Coalition of Women in German (WiG): Twenty-Fifth Annual Conference
Preparing Your Vita, Cover Letters, and for Interviews
Handout prepared by Marjanne Goozé (firstname.lastname@example.org) for
Concurrent Workshops, Panel 5: Preparing your Job Letters, Dossier & Interview Preparation
Two websites have good information and vita models:
The Chronicle of Higher Education (CV Doctor) http://www.chronicle.com/jobs/
The University of Texas, Austin, Germanic Studies. See the sections under "Professional Development": http://www.utexas.edu/depts/german/main.html (also very good information on preparing conf. paper proposals, dissertations, etc.)
Heiberger, Mary Morris and Julia Miller Vick. The Academic Job Search Handbook. 3rd ed. Philadelphia: University of Pennsylvania Press, 2001. (Comes highly recommended).
Formo, Dawn Marie. Job Search in Academe: Strategic Rhetoric for Faculty Job Candidates. Stylus: Sterling, VA, 1999. (This book has been recommended by some, found less useful by others.)
Before the Cover Letter:
Look at the school's website and find out about the department. Show you are informed, but do not be too eager to slip into already existing courses; these may be "occupied" by those hiring you, and/or the dept. may be looking for someone to bring in new interests and expertise. Tailor your cover letter to the type of institution (research univ. or liberal arts college, German or Mod. Langs. dept., etc.)
Before the Interview:
Take a closer look at the department. Copy out faculty and curriculum pages and try to familiarize yourself more fully with their program. Look at what current faculty are doing (teaching, research, service). Talk to your own faculty who may know some of the people who may be interviewing you. Prepare to bring to the interview any new information you may have, a copy of sample syllabi (no more than 3 diff. courses)
FAQs at Job Interviews:
[Note: most job interviews are conducted in English. Non-native speakers of English should prepare for questions in English and to discuss their research, written in German, in English. Non-native speakers of German should prepare to answer all questions in German.]
[Note to both interviewers and interviewees: avoid using numbers to refer to courses.]
In an age of declining language enrollments, what would you do to encourage students to study German? How would that affect the way you would approach a general curriculum of language, culture, and literature study?
What kinds of courses have you taught? Do you have sample syllabi?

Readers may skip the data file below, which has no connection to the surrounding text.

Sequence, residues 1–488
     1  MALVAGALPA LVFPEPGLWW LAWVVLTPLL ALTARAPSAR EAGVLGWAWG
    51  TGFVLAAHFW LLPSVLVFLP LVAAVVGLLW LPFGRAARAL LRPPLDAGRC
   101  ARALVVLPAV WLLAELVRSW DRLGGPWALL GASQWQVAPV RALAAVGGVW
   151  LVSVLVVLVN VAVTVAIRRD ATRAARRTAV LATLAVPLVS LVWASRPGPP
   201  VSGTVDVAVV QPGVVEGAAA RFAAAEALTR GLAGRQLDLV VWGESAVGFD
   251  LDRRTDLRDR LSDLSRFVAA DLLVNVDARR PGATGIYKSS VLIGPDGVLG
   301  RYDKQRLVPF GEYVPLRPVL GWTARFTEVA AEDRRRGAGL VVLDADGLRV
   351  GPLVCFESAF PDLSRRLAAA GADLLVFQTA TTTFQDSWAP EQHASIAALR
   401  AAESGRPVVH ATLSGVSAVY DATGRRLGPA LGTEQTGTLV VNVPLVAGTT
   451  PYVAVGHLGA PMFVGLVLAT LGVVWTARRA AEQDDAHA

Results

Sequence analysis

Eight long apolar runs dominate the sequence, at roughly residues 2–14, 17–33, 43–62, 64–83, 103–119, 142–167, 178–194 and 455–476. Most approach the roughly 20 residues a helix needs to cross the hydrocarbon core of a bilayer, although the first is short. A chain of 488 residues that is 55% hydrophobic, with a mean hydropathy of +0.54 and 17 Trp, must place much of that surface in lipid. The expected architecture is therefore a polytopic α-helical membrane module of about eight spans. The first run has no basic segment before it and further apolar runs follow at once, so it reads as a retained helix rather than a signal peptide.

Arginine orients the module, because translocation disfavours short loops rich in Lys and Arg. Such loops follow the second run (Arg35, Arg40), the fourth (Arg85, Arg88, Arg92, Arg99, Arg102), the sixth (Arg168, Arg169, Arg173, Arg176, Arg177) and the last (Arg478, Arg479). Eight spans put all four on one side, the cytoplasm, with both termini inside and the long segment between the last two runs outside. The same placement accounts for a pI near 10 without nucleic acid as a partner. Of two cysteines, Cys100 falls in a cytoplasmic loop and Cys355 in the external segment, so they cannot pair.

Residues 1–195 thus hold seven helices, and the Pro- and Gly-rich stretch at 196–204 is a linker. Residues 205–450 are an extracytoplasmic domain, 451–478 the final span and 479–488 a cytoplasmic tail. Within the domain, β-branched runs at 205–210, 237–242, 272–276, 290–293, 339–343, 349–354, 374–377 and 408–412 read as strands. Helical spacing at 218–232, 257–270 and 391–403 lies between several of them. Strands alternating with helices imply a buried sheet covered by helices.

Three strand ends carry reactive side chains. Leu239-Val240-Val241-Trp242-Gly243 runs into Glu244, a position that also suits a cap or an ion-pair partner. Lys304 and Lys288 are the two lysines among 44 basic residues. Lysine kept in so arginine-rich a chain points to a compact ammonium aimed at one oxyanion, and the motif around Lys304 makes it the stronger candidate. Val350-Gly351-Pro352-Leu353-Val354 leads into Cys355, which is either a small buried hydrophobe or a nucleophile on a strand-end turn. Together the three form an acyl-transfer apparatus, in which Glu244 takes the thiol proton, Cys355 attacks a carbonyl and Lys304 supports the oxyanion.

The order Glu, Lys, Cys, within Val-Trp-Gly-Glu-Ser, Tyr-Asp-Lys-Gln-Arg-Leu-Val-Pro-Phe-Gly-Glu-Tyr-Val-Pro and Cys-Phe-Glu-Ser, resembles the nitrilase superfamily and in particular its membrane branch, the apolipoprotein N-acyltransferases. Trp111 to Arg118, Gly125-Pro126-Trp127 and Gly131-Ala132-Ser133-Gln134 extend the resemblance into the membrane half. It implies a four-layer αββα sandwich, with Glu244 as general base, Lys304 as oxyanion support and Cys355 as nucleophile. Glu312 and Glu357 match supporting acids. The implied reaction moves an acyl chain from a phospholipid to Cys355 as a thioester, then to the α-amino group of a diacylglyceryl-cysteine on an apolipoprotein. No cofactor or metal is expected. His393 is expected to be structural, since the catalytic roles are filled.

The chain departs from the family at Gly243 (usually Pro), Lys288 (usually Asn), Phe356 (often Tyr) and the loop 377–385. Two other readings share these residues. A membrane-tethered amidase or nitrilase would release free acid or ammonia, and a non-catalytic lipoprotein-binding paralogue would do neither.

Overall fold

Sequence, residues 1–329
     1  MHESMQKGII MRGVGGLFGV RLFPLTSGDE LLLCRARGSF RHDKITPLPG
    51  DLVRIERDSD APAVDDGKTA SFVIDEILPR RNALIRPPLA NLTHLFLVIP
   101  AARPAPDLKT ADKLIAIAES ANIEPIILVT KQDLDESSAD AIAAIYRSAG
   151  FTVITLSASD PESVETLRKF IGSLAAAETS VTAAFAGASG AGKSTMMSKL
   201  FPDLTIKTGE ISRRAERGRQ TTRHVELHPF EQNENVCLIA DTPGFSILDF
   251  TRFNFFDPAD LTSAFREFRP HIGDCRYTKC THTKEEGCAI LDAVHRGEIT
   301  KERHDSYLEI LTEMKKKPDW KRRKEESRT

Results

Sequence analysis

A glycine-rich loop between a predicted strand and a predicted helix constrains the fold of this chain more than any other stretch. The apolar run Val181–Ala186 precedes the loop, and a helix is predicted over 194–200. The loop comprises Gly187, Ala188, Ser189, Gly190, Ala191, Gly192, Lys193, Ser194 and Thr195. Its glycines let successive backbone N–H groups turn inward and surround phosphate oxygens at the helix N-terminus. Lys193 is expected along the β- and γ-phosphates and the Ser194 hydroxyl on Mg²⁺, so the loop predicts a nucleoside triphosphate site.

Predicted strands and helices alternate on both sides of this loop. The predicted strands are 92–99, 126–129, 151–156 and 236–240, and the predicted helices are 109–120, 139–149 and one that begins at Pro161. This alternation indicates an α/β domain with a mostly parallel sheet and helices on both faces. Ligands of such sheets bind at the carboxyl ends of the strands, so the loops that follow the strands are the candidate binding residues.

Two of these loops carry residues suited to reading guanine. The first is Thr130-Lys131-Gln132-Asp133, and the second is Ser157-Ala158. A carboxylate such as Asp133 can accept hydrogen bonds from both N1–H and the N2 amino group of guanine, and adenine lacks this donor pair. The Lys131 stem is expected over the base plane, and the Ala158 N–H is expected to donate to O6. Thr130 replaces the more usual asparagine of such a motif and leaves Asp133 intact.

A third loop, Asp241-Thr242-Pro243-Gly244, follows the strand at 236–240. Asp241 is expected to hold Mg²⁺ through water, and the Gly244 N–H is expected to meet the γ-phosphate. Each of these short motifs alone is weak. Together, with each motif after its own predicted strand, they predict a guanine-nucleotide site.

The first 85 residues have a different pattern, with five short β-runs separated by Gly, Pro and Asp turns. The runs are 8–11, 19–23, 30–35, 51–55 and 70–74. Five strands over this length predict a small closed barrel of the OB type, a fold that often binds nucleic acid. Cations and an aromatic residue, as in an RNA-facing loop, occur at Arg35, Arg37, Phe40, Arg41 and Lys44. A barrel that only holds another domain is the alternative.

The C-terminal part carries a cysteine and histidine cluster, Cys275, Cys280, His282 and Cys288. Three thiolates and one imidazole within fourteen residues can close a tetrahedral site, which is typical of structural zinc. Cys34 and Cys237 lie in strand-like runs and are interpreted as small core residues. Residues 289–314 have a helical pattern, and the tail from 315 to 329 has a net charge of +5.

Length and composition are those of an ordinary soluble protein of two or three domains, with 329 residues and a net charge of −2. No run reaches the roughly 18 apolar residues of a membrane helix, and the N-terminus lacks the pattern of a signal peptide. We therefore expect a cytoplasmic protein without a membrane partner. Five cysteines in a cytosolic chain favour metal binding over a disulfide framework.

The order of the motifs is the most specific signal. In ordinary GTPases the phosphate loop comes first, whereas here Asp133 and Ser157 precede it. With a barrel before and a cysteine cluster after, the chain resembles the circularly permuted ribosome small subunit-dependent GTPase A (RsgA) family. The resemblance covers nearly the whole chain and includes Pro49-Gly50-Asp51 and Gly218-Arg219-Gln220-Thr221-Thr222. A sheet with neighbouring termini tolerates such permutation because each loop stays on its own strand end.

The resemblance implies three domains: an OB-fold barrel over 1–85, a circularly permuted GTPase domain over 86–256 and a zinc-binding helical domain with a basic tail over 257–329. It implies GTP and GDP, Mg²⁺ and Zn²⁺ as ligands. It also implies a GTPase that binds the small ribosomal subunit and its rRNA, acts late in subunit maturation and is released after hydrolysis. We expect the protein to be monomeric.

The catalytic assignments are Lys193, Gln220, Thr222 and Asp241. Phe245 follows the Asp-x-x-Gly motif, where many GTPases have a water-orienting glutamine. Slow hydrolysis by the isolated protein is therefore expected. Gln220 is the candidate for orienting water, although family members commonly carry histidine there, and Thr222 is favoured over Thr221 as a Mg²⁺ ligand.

1st and 2nd -yr. language courses? What textbooks did you use, what would you use if you had your choice?
Literature, Linguistics, or Culture courses? Texts? Materials? Kinds of assignments?
What is your teaching philosophy?
How would you construct a third-yr. language (and culture) course?
What role do you see technologies playing in foreign language and literature teaching in general, and, specifically, in your classes? Have you employed these in your own teaching?
How would you integrate the teaching of culture and language?
What is your conception of "German studies"? How would you envision a German studies curriculum?
How would you teach a general introduction to German literature and culture course for undergraduates (not in transl.), let's say from 1750-present?
How would you approach a course in translation (what topic, what would you read)?
According to speciality: what would you read (view) and include in an undergrad. course in a period (Medieval, Ren-Ref-Bar, 18th cent. etc) and/or in a general area of interest?. How would you construct a similar graduate seminar? Do you have any sample syllabi?
If you could teach any course you wanted on any topic, what would it be?
Do you have any interdisciplinary interests? Training in another field? Would you like to teach (team teach or by yourself) in these areas?
[In most instances this part of the interview is conducted in German].
Erzählen Sie uns etwas über Ihre Doktorarbeit.
How much have you actually written? When will you be finished (defense)?
Do you plan to (have you) publish(ed) it as a book, as a series of articles? At what stage are you?
Any other publications? Conference papers?
What is your next research project and when do you expect to complete it?
How do you view the relationship between teaching and research? Which is most important to you?
To whom is your research directed? Whom do you wish to read your work?
Where do you see yourself at the 3rd yr. review? After 5 yrs.?
Why are you interested in this position at our college? [This question is often used to solicit personal information you might not wish to reveal at this stage, so carefully plan how you will answer it.]
What kinds of other contributions can you make to our department? Study abroad, editorship, organizational work?
Do you have any questions of us? We are only interested in inviting serious candidates to on-campus interviews; do you have any family or personal impediments that would prevent you from coming to our university/college? [Note: this is an illegal question.]
Questions you might ask:
What is the teaching load?
How are duties divided amongst faculty?
What kinds of faculty support (grants, etc.) are available?
What is the path to tenure?
How will the search proceed from here?
Instructions for those conducting mock job interviews:
First have the candidates briefly describe their current position (grad. student/T.A; temp. instructor, visiting position, etc.), inform you of their fields of expertise (period, genre, etc.), so you can ask appropriate questions. The interview should be conducted in English (most are), but one question should be asked in German (the typical dissertation question). Briefly go over answers at end, discuss good points and need for improvement (specificity of answers).